So the VB team has a lot to do when it comes to documentation, presenting best practices, quick answers to common problems. And that's where the MVPs come in. The question was how many attendees at this session were willing to contribute to create content for the VB section on MSDN. Naturally a lot of MVPs raised their hand (including me), but I hope there's an uncomplicated way to submit content or rather, a way that is not time consuming, because we are all busy. Looking at the codesnippet section on DevTips.NET not a lot of people are contributing. Why is that? If you have an answer, please tell me.

Anyway, it was good to hear the VB product team reach out and try to increase interaction with us. Even if most of the featureset in Whidbey is now frozen, it may prove useful for the version after that and at least optimize the features that are included in Whidbey (partial classes, generics, code refactoring, etc. (I can't remember the complete featurelist)).

By no means is the MVP summit the only way to interact with Microsoft. I've written down quite some e-mail addresses, and reorganizations aside, hope to chat one-on-one with people from the team.

As I said, that was yesterday. Today I'm taking the time to look around in Seattle and I hope to take a boat tour. New pictures will follow. 

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Visual Studio 2005 Developer Center site

by Sander Gerz April 07, 2004 10:35

Microsoft launched the Visual Studio 2005 Developer Center website this week. On this site you will find the latest information concerning the next version of Visual Studio, codenamed 'Whidbey'. Let's hope that it will also mean that the regular MSDN site will display less information on features that are not available in todays products and focus more on the issues that live with developers that try to create applications with the tools that are available now.

BTW, I've added a couple of pictures from the MVP party last night.

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MVP Summit day 2 addendum

by Sander Gerz April 07, 2004 03:16
There is something to share. Here's a link to a press release by MS.

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MVP Summit day 2

by Sander Gerz April 07, 2004 02:52

As I mentioned earlier, today we were not allowed to bring cameras, laptops, or any other recording devices to the convention center. Well, you could bring them along, but the stuff would have to be checked in at the entrance. I did manage to bring my camera, but feared the consequences if I were to take any pictures of Jim Alchin being embarrased about his comments on Britney Spears, Steve Ballmer (or actually SteveO) discussing his relationship with Scott McNealy (Sun Microsystems) or a not very optimized vpn connection while showing off a new webbased newsreader.

So... I didn't take pictures or recorded anything. Well some stuff I did write down.

Cool stuff was there, but practically everything was under NDA so there's not much of a point talking about it here. Ok, that's a lousy statement, and I'd better shut up then, but I want to add that, even though the stuff we saw was nice and cool and all, it's not revolutionary and it doesn't give me any advantage over guys that haven't seen it. It's still awkward  for people that like to share their views and knowledge within a community, like MVPs, to show stuff that you cannot share.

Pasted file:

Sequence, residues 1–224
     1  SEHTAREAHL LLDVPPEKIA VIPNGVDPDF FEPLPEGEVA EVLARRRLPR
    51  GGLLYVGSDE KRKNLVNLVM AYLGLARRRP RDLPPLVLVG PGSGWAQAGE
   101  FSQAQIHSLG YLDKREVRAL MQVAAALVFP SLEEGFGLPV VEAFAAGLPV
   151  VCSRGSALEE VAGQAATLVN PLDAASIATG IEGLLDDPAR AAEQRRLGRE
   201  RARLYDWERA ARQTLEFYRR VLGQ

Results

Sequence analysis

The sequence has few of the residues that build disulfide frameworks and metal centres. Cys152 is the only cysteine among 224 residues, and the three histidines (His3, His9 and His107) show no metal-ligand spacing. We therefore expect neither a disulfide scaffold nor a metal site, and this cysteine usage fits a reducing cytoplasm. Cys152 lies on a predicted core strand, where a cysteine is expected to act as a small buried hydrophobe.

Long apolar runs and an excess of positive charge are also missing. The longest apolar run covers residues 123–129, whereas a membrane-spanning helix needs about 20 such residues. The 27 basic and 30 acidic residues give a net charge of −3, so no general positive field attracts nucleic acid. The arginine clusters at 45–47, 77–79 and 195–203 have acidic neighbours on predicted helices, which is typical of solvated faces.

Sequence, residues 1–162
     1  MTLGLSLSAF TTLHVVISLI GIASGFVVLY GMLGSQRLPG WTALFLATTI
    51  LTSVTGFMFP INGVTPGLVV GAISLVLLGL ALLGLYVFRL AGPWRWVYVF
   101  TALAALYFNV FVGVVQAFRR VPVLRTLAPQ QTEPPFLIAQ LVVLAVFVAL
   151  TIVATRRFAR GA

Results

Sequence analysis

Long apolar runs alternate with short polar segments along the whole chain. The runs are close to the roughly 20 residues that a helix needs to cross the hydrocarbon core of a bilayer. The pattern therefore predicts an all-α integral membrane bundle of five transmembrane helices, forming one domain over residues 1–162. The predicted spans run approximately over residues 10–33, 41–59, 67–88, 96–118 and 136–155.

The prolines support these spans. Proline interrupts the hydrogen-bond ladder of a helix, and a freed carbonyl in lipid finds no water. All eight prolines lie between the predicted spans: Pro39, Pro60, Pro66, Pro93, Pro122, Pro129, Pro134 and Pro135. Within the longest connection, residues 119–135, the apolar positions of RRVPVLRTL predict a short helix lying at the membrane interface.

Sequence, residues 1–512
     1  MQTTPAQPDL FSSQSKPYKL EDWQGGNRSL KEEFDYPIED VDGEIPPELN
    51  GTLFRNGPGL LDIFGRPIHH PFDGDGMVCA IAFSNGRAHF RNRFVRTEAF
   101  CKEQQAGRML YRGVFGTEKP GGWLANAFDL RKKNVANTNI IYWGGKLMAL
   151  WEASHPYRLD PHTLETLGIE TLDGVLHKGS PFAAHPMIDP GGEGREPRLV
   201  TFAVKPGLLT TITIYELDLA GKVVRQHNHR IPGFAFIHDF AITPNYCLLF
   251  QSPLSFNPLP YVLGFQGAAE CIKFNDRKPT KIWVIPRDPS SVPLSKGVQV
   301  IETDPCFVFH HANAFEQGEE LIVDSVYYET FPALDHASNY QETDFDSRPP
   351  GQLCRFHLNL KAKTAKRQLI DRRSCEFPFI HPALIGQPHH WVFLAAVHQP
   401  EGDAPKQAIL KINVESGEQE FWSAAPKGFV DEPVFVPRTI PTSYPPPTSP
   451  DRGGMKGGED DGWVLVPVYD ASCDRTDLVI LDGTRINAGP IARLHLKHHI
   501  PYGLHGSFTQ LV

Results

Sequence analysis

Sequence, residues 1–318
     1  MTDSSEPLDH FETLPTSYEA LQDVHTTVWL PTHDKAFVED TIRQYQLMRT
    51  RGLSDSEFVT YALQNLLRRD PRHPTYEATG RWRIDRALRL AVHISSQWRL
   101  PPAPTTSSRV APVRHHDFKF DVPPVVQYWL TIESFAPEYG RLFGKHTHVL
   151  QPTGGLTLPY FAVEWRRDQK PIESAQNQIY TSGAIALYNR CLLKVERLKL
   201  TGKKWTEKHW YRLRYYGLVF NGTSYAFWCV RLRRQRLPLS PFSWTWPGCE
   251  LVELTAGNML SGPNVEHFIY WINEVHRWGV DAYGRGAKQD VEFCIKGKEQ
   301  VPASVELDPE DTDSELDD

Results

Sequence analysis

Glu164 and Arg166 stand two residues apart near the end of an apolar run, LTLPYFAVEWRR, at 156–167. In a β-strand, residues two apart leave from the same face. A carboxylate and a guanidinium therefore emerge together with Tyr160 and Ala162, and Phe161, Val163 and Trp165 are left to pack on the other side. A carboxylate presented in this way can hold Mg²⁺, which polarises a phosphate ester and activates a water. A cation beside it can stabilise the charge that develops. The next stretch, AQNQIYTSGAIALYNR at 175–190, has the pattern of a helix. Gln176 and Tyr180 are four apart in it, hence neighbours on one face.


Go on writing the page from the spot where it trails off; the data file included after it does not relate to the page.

On to the party tonight of which I will hope to take some shots.

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MVP Summit day 1

by Sander Gerz April 06, 2004 07:12

So this was the first day of the summit and interesting a day it was. Nevertheless, the sessions did not reveal much that was not already shown at the PDC last year. “The difference is: now the features work” was one of the comments made a speaker who shall remain nameless. Any new stuff is supposedly under NDA, so they cannot be discussed. As far as info that I assume is not under NDA and is mostly picked up by talking to people here and there is that:

  • as for now, ObjectSpaces will not be part of the Whidbey release, but made available as a webdownload after the release; rumours were already spreading around about this. 
  • same applies for the Whitehorse features
  • there will be a Servicepack for the .NET Framework 1.1; in fact, it is already in beta and made available to a select group of customers (of which I am not one). It will be publicly available as soon as the feedback from these tests are addressed.
  • there will also be a Servicepack for Visual Studio .NET 2003 around the summertime.
  • trying out the RC for Servicepack 2 for Windows XP is greatly encouraged.
  • All of the namespace-names for Indigo have changed (what was to be expected)
  • And last but not least: Don Box has cut his hair (see the gallery)

  Since we all know that Visual Studio 2005 will be released in, well, 2005, a lot of things can change, so this info may lose its accuracy quickly, so just take it for what it's worth.

Tomorrow may prove even more interesting, since we're not allowed to bring cameras, recording devices or alike to the sessions. Perhaps if I had bluetooth connection to download from my photographic memory... if I had one.

In the gallery I've posted a couple of pictures that I assume are not breaking any NDA. If you see anything that might, please let me know. 

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First impressions and mail

by Sander Gerz April 05, 2004 04:16

The bad stuff first, my mail server turns out be down. No mail coming in or going out, and it's not something I'll be able to fix while in Seattle. I suggest that any urgent messages are posted here as comments, or e-mail me at flybyfibre@hotmail.com.

Today was the registration for the MVP Summit. I've added a category where you can find pictures of the event. Surely, not a lot for today, but I'm having a good time and had a chance to catch up with the other Dutch MVP's and ran into the French (Nix, Rédo) just a few minutes ago.